Faculty Members Win Award for Innovative Invention
By: Dina Manco
Posted: December 9, 2014
Auditory researcher and Department of Psychology professor, Dr. Michael Hall is no stranger to innovative ideas. Earlier in 2014, he won an award from JMU Technology Innovation’s Intellectual Property (IP) Disclosure Incentive Program for his invention of a software synthesizer to aid researchers and musicians. The IP Disclosure Incentive Program exists to promote creative ideas in the JMU community. Now, Hall is being recognized once again – this time with the assistance of College of Education’s adjunct faculty member Thomas Wilcox. Their innovation of 'Band-Pass Filter Designs for Acoustic Musical Instruments’ is one of the top five innovations in the IP Disclosure Incentive Program for 2013-14. Wilcox explains the invention is “an audio filter device to mechanically alter and improve the sound of acoustic musical instruments.” As Hall says, the inspiration for the design comes from a lack of accessibility to tweak the quality of sound in acoustic instruments. In electronic instruments one can easily change sound quality, but acoustic instruments do not share that luxury; this project seeks to reduce or eliminate this limitation.
Hall pitched the idea of filter designs for acoustic instruments – still in its beginning stages -- to Wilcox at the award ceremony for his previous invention. Wilcox states, “[I work] with faculty to help them realize their ideas and inventions, and to help guide these to market as commercial products. My position is funded by a grant from 4-VA, advocates for innovative and creative faculty.” Hall comments, “The idea for the innovation has been there for years, but the means to make it a reality was not existent until [Wilcox]. I said to him, ‘Am I off my rocker or is this a real [possibility]?’”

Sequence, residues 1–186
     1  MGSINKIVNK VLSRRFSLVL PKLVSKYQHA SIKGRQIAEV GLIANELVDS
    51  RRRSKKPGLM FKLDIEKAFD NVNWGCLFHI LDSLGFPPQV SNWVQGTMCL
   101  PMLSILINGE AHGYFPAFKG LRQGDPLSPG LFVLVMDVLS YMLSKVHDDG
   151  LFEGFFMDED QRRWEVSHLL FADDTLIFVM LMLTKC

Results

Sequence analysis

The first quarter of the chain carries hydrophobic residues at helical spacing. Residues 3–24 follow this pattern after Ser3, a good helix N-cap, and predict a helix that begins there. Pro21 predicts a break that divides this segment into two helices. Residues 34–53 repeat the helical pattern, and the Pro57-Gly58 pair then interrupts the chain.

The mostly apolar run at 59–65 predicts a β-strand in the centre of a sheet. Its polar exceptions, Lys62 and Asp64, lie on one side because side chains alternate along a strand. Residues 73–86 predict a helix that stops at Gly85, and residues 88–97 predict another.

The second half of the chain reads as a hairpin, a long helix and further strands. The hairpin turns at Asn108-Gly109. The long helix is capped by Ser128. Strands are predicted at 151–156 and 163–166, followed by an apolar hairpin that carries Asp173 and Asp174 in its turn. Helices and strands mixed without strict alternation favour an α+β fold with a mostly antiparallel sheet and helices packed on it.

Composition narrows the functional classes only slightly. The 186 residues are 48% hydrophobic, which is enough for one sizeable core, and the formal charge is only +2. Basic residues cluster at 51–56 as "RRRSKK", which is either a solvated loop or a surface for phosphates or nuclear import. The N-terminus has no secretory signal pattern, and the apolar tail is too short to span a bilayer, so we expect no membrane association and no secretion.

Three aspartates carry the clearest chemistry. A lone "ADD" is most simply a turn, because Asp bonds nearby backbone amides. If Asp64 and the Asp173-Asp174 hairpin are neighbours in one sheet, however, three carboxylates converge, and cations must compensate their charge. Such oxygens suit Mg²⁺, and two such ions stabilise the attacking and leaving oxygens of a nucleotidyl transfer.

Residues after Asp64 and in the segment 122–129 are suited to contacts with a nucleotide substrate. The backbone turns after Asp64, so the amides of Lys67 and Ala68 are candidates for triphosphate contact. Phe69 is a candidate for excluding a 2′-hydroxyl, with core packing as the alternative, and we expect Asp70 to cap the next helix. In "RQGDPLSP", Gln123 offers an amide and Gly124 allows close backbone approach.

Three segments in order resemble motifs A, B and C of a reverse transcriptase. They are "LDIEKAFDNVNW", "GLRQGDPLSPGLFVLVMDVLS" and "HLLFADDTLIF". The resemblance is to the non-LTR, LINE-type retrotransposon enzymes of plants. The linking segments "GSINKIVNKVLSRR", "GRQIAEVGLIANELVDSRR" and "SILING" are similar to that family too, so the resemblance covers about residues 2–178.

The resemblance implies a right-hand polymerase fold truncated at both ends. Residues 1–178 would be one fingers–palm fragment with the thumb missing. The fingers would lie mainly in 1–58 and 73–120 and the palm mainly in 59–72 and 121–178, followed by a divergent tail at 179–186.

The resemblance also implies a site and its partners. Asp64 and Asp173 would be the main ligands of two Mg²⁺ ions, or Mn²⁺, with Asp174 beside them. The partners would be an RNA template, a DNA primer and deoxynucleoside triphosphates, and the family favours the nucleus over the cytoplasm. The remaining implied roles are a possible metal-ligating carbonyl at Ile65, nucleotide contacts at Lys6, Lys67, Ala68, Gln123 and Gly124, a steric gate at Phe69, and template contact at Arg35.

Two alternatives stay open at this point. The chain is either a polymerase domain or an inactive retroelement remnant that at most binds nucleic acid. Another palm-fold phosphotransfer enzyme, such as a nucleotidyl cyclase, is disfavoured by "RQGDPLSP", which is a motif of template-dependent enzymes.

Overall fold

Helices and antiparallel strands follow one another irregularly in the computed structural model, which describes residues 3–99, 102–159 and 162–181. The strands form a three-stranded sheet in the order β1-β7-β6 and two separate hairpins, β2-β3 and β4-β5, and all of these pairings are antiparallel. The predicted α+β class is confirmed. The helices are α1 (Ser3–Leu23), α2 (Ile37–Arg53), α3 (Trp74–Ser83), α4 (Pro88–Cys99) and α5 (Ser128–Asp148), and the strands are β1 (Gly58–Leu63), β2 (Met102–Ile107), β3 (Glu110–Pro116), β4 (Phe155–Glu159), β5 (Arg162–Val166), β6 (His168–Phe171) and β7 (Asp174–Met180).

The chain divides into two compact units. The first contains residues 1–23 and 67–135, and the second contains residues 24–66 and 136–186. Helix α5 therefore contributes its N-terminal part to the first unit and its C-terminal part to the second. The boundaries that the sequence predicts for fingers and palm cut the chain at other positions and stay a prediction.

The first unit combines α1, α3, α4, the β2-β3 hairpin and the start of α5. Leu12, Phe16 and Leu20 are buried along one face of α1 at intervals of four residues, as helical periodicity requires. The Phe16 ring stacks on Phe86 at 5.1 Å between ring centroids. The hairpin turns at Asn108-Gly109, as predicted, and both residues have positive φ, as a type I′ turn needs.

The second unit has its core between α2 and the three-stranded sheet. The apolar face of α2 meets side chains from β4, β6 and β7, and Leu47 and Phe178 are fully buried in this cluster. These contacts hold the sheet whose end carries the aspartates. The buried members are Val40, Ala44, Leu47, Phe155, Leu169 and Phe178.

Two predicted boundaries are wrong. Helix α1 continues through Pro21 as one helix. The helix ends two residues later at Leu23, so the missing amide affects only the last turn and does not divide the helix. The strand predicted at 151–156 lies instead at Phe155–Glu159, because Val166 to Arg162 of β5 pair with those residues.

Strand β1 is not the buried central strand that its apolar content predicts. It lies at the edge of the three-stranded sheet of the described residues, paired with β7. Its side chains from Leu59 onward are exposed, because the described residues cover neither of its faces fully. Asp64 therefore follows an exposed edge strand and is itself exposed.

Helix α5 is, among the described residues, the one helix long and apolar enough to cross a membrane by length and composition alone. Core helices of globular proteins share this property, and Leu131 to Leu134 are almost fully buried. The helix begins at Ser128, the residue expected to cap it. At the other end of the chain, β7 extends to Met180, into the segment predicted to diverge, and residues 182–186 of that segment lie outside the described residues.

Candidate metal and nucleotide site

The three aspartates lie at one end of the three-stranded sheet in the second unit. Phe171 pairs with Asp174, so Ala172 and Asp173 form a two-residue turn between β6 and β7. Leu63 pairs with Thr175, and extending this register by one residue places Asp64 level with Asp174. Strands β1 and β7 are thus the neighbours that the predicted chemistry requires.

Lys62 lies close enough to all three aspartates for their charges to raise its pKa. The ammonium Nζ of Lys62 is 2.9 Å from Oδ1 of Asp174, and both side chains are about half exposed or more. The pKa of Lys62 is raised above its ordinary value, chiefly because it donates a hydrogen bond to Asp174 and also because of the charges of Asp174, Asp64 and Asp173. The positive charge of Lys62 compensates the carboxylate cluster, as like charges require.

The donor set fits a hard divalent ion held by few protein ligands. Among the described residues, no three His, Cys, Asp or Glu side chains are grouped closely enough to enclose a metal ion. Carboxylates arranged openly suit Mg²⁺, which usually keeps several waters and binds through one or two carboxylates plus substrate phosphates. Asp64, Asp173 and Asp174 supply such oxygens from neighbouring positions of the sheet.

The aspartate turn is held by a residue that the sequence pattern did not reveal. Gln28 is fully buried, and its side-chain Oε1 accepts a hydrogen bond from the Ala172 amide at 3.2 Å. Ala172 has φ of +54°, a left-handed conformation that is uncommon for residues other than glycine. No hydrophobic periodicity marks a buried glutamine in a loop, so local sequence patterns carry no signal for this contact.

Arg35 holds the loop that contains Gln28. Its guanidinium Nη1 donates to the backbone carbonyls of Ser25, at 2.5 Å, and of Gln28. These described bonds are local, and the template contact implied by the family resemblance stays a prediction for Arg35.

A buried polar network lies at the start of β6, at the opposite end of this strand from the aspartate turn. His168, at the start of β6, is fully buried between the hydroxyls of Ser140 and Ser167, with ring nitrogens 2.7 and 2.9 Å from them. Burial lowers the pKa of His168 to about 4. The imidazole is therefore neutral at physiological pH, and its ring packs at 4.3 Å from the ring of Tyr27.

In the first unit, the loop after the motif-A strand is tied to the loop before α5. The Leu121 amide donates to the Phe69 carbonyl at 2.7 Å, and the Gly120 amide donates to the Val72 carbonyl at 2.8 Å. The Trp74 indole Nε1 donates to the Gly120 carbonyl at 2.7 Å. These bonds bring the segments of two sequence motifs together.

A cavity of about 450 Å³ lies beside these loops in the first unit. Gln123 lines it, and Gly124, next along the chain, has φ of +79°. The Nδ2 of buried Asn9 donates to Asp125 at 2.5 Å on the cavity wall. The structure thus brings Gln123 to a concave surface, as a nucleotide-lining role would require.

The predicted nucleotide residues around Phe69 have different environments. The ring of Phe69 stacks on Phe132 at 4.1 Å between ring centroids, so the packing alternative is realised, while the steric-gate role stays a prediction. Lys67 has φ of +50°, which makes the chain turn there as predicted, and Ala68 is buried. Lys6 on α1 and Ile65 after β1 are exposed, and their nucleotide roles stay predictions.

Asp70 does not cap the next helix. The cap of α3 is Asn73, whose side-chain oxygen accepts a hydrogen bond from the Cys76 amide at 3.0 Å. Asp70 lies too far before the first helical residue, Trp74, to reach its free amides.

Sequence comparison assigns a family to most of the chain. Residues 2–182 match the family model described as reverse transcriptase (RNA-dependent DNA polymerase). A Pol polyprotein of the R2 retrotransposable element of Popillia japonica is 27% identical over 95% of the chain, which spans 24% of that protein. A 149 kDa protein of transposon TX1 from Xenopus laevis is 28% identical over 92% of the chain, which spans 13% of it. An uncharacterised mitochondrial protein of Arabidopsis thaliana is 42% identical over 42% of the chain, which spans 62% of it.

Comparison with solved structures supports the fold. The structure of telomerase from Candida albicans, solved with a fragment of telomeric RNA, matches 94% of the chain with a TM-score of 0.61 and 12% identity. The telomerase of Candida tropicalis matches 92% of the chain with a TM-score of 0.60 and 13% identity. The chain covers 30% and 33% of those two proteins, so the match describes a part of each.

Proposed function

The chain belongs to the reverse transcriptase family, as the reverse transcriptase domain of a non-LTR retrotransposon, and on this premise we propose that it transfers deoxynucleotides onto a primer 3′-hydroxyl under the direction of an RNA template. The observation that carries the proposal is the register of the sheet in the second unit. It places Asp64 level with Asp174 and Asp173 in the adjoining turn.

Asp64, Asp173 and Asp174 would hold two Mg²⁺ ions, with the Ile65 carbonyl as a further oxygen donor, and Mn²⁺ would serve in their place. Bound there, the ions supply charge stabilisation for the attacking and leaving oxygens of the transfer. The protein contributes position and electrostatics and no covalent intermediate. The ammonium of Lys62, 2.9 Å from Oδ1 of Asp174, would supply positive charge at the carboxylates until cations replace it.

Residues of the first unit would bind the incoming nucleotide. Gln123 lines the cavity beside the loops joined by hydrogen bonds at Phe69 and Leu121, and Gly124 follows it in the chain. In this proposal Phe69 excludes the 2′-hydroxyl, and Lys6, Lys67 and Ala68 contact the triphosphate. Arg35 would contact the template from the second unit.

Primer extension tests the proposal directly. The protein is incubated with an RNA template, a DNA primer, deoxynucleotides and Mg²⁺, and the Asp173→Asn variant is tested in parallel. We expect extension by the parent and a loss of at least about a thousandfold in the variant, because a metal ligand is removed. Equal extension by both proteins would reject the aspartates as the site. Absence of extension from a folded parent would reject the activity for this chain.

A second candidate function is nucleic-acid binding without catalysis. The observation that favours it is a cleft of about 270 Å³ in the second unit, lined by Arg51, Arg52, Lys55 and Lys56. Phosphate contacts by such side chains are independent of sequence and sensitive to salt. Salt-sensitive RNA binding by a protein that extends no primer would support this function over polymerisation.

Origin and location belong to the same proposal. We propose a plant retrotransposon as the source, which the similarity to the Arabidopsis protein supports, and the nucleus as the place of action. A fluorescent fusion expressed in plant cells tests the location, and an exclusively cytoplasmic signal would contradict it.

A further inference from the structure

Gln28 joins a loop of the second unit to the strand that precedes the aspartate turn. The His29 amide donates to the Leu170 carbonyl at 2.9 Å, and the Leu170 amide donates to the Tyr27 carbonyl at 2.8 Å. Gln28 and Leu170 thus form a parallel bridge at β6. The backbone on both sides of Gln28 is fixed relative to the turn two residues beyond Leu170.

The duo has designs for different filters to alter sounds in acoustic instruments. The process is similar to how human speech produces varying sounds for different vowels. Wilcox says the invention is relatable to “how we make an ‘ah’ and ‘ee’ sound; right away we visualize the throat and tongue changing to make them.” Physical prototypes have yet to be realized, but initial working models are being made. Hall explains, the filters are based on well-researched and long-standing principles of human speech production; therefore, the physical manifestation should be put together without issue. Once the physical filters are completed, Hall and Wilcox plan on embedding them into instruments. The $2,000 award from JMU Technology Innovation will be used to fund these efforts.
Hall and Wilcox are awaiting patent approval before they involve students and other collaborators in furthering their innovation. Hall says, “My ultimate goal is having something used by other people.” The simplicity and uniqueness of the designs are some of the invention’s major selling points. Transparent material will initially be used to implement the filters, which will allow onlookers to see what is actually going on inside the device while it is being played. The invention is not exclusive to one audience, but the filter designs will be especially useful to musicians or educators who work in the School of Music or the Department of Communication Sciences and Disorders.
Wilcox and Hall look forward to continuing the collaborative process to bring their filter ideas to life. They also are honored their innovation made the top five of the IP Incentive Disclosure Program. Wilcox says, “In collaborations you work on things you never thought in a million years you would do, end up engaging in [activities that are] far more fun, and coming up with something truly interesting for the world.”